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Post  camprn on 1/22/2011, 8:26 am

@Rolanaj wrote:Have any of you tried the P*ss off plant? It is supposed to deter dogs, cats, and rabbits from your garden. I found it on the Richters site I'm thinking about trying it but wondered if anyone here had heard of it.
I believe that the notion that this plant repels animals is purely anecdotal. It is a member of the mint family and is native to subtropical regions, thus it would do best in a container and if you live north of zone 10 it will not be hardy to survive cold weather. However, with this plant I myself have no direct experience.
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Post  Megan on 1/22/2011, 8:30 am

I planted catnip in pots last year, and placed the pots directly adjacent to my SFG beds. The intention was companion planting. What turned out to be the greatest effect, though, was it kept the feral cats IN my yard and OUT of my beds! I had to upright those pots almost every morning (I'd wake up to discover them knocked over) but very, very little digging in my beds.

After a recent snowstorm (if you want to call it a storm) my husband and I noticed that cats STILL frequent our yard, long after the catnip is gone. Hundreds of kitty footprints all over in the snow, and only in our yard. I consider this to be a good thing, as this area has a rat problem, but we've not had any trouble.
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Post  quiltbea on 1/22/2011, 12:36 pm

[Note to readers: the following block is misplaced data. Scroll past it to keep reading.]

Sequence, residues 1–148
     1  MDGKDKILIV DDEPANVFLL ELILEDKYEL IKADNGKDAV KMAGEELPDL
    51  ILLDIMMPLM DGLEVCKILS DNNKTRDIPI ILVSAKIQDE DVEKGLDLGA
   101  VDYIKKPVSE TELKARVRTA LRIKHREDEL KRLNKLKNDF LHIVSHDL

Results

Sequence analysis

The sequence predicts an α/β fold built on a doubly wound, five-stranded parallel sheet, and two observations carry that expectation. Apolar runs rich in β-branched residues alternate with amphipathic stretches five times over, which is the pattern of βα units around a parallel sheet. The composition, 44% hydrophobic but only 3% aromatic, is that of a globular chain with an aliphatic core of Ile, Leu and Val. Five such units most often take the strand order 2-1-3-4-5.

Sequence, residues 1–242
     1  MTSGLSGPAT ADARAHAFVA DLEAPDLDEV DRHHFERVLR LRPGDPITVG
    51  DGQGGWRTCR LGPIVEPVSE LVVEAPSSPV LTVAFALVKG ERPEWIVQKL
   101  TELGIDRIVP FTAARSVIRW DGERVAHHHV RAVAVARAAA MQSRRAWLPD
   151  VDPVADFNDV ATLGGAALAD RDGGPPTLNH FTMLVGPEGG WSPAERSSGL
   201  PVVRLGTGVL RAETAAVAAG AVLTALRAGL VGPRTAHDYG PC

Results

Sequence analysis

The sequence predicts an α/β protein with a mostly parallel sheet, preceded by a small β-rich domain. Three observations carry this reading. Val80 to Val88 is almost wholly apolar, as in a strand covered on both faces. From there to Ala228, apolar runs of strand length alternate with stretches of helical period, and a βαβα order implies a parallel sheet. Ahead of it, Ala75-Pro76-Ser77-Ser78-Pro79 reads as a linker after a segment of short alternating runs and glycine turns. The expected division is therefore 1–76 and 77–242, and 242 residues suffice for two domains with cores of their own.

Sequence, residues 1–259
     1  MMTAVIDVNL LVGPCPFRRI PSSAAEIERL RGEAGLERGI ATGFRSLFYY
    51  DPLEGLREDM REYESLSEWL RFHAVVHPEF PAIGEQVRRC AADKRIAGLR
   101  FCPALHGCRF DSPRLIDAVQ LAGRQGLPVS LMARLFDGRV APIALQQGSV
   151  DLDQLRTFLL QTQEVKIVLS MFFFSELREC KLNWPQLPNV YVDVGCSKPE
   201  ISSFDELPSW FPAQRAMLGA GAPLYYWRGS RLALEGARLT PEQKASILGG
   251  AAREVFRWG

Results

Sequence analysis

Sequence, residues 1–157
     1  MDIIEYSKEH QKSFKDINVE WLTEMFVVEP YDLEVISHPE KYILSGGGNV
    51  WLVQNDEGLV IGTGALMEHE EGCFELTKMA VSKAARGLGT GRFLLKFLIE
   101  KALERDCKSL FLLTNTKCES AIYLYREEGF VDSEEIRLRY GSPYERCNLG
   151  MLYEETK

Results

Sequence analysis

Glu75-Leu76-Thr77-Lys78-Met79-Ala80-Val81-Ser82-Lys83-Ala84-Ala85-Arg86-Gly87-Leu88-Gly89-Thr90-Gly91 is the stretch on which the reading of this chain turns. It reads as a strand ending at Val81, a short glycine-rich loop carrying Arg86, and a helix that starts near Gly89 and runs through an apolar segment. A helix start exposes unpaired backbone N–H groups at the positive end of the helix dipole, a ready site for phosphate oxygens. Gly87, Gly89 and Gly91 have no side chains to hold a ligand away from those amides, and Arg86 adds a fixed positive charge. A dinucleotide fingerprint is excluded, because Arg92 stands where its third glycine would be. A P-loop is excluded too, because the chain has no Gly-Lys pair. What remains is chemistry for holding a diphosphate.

You could always attach your hardware cloth to the left and right poles and join them in the middle with twists of wire or ties, overlapping them a bit.
They would serve like barn doors and you could open them when you were working in the garden and close them the rest of the time.
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Post  bjklassen on 2/13/2011, 12:57 pm

Hi! I don't know if this was mentioned, but I had a problem with rabbits last year eating my lettuce and other plants. I got so fed up with it and did some research. I found that human hair is a good deterrent, because is an enemy smell and the animals will stay away. I found that as soon as I put the hair around each square and between the plants I had no problems anymore. So save your hair next time you have a hair cut and spread it in your garden. It is also an excellent fertilizer, so you can't go wrong!
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Post  BCgarden on 4/8/2011, 9:21 am

I have a large lilac hedge that runs the width of the backyard, it is more than six feet high now, it also runs across the back of the garden area. I get lots of deer in the rest of the yard, but not in that area. This year I want to plant some blackberry and raspberry bushes on the one side that does not have lilacs.
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Post  chico on 6/7/2011, 10:04 am